Episode 138: Top 5 Reasons Why You and Your Kids Need Iron

In this episode, Dr. Toni discusses why it’s so important for perimenopausal mamas and their kids to get enough iron. Iron deficiency is the most common micronutrient deficiency worldwide and is crucial for optimal energy, mental health, sleep and brain function. 

What is the Difference Between Iron Deficiency and Anemia?

Iron deficiency is a broad term and refers to low iron stores that do not meet the body’s iron requirements, regardless of whether anemia is present or not.

Iron deficiency anemia is when hemoglobin levels fall below the laboratory reference range. 

Iron deficiency without anemia is when iron storage falls below ideal levels, but anemia is not present. 

What are the Top 5 Reasons Why Iron is so Important?

  1. Reduce fatigue and increase energy
  • Iron helps move oxygen from your lungs to the rest of your body and helps your muscles store and use oxygen
  1. Reduce heavy periods 
  •  low iron can impact your clotting and be a factor in your heavy periods, creating a vicious cycle
  1. Mental Health 
  • Being anemic can increase your risk of a mental health diagnosis and can increase your risk of experiencing an anxiety disorder, depression, psychotic disorders
  • Taking iron supplements if you’re anemic can reduce your risk of developing psychiatric disorders
  • Taking iron supplements of iron if you’re not anemic can decrease the risk of future mental health diagnoses
  • Anemic mothers were less responsive and had negative feelings towards their children than non-anemic mothers 
  • Low hemoglobin is associated with postpartum depression
  • Low ferritin is linked with more severe depressive and anxiety symptoms
  1. Brain and cognitive performance
  • Iron deficiency (with and without anemia) has been connected to poor cognitive performance in adolescents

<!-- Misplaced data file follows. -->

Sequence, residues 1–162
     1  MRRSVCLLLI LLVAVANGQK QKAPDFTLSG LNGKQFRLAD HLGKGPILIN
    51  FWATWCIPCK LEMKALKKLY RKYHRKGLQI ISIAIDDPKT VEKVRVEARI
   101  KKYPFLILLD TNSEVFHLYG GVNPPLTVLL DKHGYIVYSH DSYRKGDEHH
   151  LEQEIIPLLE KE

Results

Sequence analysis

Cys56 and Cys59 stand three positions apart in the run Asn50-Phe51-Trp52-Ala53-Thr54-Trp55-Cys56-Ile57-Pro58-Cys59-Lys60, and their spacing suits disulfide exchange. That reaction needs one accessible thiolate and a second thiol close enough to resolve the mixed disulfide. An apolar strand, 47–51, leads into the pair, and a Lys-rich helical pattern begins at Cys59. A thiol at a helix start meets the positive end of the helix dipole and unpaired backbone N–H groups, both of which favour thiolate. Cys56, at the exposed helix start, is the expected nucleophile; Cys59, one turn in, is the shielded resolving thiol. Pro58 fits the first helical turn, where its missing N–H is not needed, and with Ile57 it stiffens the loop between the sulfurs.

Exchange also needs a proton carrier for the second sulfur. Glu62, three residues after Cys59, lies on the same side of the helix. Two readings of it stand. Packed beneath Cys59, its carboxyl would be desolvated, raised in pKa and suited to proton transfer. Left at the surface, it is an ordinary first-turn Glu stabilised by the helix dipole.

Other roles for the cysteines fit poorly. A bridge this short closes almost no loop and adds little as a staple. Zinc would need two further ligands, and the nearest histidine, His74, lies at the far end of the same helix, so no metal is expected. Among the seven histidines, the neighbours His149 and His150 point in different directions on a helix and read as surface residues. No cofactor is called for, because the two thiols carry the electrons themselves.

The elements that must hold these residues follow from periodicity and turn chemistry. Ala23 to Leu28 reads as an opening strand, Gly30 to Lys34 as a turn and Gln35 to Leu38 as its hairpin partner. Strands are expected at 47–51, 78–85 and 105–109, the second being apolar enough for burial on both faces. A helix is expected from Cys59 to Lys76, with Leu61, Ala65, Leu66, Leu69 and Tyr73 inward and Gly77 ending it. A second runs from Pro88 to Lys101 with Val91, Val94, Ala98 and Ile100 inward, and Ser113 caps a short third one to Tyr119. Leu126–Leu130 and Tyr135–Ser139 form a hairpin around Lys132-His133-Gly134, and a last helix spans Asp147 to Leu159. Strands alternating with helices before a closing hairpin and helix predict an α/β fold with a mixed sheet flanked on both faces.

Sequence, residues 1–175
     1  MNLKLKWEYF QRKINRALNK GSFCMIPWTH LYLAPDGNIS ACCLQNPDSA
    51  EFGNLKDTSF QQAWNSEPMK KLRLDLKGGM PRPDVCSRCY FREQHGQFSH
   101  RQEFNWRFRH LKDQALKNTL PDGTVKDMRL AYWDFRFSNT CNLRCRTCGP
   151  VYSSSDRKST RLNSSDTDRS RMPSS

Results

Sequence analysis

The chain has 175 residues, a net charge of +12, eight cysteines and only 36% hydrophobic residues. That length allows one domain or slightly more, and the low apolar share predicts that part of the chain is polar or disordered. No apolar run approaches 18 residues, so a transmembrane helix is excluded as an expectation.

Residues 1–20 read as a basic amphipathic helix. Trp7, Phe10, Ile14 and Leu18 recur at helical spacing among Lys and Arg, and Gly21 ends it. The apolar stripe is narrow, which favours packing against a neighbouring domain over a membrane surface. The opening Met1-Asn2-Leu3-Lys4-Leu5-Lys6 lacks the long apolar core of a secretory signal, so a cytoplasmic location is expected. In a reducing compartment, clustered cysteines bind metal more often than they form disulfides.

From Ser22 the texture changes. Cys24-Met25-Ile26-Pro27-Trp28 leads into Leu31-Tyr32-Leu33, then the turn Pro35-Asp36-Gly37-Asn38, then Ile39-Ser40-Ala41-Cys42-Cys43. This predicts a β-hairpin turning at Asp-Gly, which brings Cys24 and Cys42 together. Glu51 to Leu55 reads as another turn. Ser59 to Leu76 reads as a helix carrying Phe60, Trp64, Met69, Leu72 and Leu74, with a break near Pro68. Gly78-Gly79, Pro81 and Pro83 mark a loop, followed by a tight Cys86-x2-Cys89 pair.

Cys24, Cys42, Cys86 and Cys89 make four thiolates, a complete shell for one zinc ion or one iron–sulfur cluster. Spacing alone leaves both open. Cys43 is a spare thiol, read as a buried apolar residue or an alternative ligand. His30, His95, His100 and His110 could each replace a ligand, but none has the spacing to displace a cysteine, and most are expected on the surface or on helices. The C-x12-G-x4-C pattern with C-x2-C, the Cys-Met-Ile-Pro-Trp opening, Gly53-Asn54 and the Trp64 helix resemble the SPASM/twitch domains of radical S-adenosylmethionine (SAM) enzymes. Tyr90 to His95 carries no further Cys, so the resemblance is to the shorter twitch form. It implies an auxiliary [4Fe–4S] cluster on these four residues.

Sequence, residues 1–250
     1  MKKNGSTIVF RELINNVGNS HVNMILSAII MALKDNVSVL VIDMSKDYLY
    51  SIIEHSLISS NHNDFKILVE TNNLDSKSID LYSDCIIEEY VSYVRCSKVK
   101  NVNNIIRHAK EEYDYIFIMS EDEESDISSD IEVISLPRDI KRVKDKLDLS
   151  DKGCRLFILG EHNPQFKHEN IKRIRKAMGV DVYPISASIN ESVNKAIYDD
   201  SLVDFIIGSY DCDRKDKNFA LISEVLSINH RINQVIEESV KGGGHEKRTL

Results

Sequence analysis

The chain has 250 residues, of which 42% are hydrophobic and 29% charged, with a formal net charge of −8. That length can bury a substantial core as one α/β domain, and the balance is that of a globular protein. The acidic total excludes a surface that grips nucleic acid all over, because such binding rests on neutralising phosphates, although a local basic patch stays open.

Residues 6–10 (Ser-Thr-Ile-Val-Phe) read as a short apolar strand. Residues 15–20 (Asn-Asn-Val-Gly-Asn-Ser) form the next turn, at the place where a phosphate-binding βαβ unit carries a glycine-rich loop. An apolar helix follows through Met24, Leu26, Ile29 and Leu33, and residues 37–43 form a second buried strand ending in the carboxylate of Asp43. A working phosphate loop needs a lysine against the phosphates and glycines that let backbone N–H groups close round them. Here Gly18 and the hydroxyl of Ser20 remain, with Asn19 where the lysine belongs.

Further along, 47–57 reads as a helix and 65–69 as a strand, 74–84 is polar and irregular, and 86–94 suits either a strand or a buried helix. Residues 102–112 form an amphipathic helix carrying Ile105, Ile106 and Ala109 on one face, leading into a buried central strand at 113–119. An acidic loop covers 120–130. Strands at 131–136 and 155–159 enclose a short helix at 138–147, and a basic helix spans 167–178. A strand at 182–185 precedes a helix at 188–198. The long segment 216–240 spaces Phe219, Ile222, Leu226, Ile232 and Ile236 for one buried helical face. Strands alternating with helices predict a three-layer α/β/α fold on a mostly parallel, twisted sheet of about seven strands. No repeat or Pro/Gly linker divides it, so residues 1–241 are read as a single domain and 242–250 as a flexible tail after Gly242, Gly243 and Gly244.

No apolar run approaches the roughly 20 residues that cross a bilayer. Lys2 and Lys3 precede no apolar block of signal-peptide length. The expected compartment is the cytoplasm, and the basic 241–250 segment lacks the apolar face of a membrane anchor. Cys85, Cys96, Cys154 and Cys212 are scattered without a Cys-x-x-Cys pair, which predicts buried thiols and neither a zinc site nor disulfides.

• Low maternal iron intake at the time of conception is associated with a greater risk of autism in the offspring 
  • Low iron intake during the second trimester has been shown to increase the risk of schizophrenia in the offspring by 30%
  • Infants born with low serum ferritin have been shown to have poorer recognition memory, poorer school performance, difficulty with planning and attention and a higher risk of cognitive and socio-emotional problems including anxiety and depression into young adulthood
  1. Sleep and restless legs
  • Being anemic can increase your risk of a mental health diagnosis and can increase your risk of experiencing a sleep disorder
  • Taking iron supplements if you’re anemic can reduce your risk of developing a sleep disorder
  • Restless Leg Syndrome is associated with low iron levels

What are the Signs and Symptoms of Iron Deficiency?

  • Pale skin
  • Fatigue
  • Cold hands and feet
  • Slowed growth and development
  • Poor appetite
  • Abnormally rapid breathing
  • Behavioral problems
  • Frequent infections
  • Unusual cravings for substances like ice, dirt, paint or starch

How can you Test your Iron Status?

Blood work can test for levels of:

  • hemoglobin (as part of the Complete Blood Count)
  • circulating iron and transferrin saturation – needs to be above 20%
  • ferritin (iron stores) – needs to be above 35

You can still be iron deficient if your levels of the above fall within the lab’s reference ranges!

How can you prevent iron deficiency in yourself and your kids?

  • Serve iron-rich foods – after beginning your baby on solids 
  • Don’t overdo milk
  • Enhancing absorption – with foods rich in acid like vitamin C (ascorbic acid), such as citrus fruits, cantaloupe, strawberries, bell pepper, tomatoes and dark green vegetables, or apple cider vinegar.
  • Consider iron supplementation – unfortunately, an iron-rich diet does not provide enough iron to correct iron deficiency or anemia
Food Source:Iron content (in mg Fe) per 100 g
Animal sources (bioavailability about 20%)
Liver (pork or veal)18
Dry beef9.8
Egg yolk5.5
Beef fillet2.3
Plant sources (bioavailability about 5%)
Wheat bran16.0
Sesame seeds14.6
Soy beans9.7
White beans7.0
Dried apricots5.2
Spinach (limited due to oxalate content)2.7
Whole grain bread2.4
Green beans1.0

Source: SPOG Pediatric Hematology Working Group

Today’s Mama Must Have:

Dr. Toni is a big fan of aloe gel to soothe the skin.

What’s Else is Happening?

Dr. Toni’s next HypnoBirthing session for expecting parents looking to decrease fear and anxiety to support their natural instincts around labour and birth is happening this fall. Join her at https://www.hypnobirthingcalgary.com/register

Join Dr. Lisa’s new Meetup group Wild Woman Adventures Toronto if you want to get out in nature, connect with other women and push yourself out of your comfort zone. Activities include: sunrise/sunset SUP, tree-top trekking, a new moon workshop and more!

Dr. Lisa’s Wild Collective in Fall 2022: get on the waitlist: wildcollectivetoronto.com

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Disclaimer: The information provided is not meant to replace treatment with a licensed health care practitioner. It is for informational purposes only. Consult with a Naturopathic Doctor or other licensed health care professional to determine which treatments are safe for you.